Death, taxes and Manchester City racking up a cricket score at the London Stadium; whatever life throws at us it is reassuring to know that some things remain unavoidable.
Also in that category: people moaning about the video assistant referee (VAR), which had a major bearing on whether West Ham shipped three, four or five against the Premier League champions on Saturday.
Central to the complaints were the delays caused when checking if Raheem Sterling was offside for Gabriel Jesuss disallowed effort and his own second goal, and whether Declan Rice had encroached before clearing the loose ball from Sergio Agueros saved penalty.
Read more: A bluffers guide to how VAR works
Seemingly lost on the VAR truthers is the fact that – as a direct result of the reviews – all of the above decisions were ultimately called correctly.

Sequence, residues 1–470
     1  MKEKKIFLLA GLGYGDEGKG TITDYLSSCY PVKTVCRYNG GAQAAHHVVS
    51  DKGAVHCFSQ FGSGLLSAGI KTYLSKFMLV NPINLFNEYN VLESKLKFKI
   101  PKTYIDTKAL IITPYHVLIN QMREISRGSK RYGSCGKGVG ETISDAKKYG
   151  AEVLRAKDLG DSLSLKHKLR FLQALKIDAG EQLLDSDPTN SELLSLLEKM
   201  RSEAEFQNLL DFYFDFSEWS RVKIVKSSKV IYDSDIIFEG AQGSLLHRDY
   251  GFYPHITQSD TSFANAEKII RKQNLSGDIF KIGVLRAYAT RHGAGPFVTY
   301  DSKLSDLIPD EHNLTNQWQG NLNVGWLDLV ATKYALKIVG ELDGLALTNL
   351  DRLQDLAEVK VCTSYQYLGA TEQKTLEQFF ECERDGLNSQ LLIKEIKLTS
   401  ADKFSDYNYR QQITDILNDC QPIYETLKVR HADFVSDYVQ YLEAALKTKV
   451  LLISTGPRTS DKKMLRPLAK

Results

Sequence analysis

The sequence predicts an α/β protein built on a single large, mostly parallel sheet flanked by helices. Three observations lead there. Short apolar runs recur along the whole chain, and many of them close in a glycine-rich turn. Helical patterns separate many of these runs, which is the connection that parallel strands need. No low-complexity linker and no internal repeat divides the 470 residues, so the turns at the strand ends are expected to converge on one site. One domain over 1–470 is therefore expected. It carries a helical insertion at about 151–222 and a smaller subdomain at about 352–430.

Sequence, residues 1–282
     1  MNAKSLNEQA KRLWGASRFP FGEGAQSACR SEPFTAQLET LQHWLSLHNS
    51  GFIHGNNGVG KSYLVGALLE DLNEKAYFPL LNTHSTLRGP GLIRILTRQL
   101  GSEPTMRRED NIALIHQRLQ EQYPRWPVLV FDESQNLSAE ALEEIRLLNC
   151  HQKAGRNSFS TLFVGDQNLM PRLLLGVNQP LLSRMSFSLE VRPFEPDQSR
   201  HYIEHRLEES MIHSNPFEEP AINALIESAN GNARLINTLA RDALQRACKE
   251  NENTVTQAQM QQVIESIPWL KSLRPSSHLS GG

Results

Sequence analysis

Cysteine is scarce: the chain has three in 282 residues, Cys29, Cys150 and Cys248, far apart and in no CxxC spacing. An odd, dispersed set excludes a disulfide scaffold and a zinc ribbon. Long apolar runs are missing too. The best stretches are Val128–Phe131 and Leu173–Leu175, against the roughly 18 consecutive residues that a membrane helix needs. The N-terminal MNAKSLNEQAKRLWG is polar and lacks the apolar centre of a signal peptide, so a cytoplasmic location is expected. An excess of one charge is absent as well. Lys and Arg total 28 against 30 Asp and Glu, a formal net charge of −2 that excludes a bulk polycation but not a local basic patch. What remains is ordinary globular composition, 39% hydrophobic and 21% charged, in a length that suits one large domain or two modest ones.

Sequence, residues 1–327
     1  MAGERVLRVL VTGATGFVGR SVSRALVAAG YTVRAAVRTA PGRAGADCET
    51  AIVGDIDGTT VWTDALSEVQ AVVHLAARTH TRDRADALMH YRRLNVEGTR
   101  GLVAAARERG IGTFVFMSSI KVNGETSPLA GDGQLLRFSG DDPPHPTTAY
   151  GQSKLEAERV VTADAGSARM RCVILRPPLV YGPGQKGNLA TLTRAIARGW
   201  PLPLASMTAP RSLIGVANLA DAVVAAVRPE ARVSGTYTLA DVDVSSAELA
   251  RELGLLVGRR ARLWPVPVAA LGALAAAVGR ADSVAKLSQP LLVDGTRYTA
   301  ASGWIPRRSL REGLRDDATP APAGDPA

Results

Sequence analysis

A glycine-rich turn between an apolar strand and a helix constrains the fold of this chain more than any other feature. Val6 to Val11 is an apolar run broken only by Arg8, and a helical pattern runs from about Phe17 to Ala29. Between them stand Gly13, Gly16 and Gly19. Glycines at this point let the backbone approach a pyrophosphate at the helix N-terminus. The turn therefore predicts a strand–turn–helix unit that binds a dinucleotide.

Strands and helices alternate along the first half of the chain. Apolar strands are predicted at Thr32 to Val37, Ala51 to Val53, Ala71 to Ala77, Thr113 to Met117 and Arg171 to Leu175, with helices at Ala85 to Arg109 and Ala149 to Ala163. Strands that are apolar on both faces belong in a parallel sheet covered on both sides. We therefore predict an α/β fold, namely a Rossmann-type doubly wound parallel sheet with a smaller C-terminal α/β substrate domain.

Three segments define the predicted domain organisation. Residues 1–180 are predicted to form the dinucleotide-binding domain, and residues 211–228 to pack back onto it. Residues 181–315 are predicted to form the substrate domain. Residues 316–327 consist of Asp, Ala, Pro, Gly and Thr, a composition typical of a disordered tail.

Perhaps it is because these short delays seem an unnecessary convenience when the only issue in question is the severity of the thrashing City dish out on the opening weekend of a new season.
But what about in a relegation decider on the final day of the campaign, when making the wrong call would unjustly cost a club another season in the top flight and upwards of £100m?
And if the title race proves as close as last year, the exact number of goals that City or Liverpool score could even decide the destination of the trophy. The season already has that whiff about it.
Let us follow, for a moment, VAR critics line of reasoning to its logical conclusion: that it is worth getting things wrong if it means fewer stoppages to play. Speed is better than justice.
That is cutting the nose off to spite the face. Pauses in the game while reviews are carried out will continue to upset some, but VARs drawbacks really are a small price to pay for making the game fairer.
Early leavers pay price at Spurs
On the topic of constants, Tottenham continue to leave it late at their new home, Harry Kanes double in the last five minutes finally seeing off a leggy Aston Villa on Saturday evening.